David Dayen at Firedoglake took a look at the latest version of the proposed foreclosure fraud settlement this morning, and (surprise, surprise), it’s still “woefully inadequate”.
In a nutshell, those who lost their homes to fraudulent proceedings would get about $1500–about enough to pay a security deposit on a nice place in the midwest or a studio apartment (maybe) in Manhattan. Of course, there would be other aspects to the settlement. For example, a largely redundant refinancing program that will ultimately benefit the banks and a principal reduction program that will barely scratch the surface of the nationwide underwater mortgage problem.
And, of course, the banks would get a whole lot of protection in return: though homeowners could still pursue individual claims, the banks would get immunity from state and federal claims related to servicing, foreclosure practices and even origination practices.
The releases, then, are pretty comprehensive, on servicing, foreclosure and origination. Homeowners can sue, but the banks know well that they can outgun individuals in court much more easily than an entire state. Securitization abuses would still be fair game for the states, and this is seemingly being done to entice AGs like Eric Schneiderman into the fold, though that seems unlikely. Still, even with securitization fraud available, you’re talking about the AGs only able after the settlement to go to bat for rich investors, not individual homeowners fleeced by banks. And despite no meaningful investigations, all this would be given away for a relative pittance.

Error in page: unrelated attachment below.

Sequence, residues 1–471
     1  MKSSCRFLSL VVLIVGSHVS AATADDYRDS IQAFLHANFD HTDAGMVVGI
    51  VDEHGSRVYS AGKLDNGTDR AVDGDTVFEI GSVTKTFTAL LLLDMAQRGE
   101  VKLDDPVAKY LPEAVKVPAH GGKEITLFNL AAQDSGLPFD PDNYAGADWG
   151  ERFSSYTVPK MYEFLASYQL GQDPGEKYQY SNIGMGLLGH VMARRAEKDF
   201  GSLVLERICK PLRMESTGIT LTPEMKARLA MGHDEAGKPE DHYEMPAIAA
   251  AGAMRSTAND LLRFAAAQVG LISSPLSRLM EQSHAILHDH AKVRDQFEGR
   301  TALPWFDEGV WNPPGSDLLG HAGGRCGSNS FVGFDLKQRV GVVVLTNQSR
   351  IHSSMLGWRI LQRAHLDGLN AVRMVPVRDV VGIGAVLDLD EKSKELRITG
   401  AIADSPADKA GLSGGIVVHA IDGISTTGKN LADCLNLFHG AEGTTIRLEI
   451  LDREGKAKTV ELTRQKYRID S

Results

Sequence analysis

Read the full analysis here: Proposed Foreclosure Fraud Settlement Still Looks Woefully Inadequate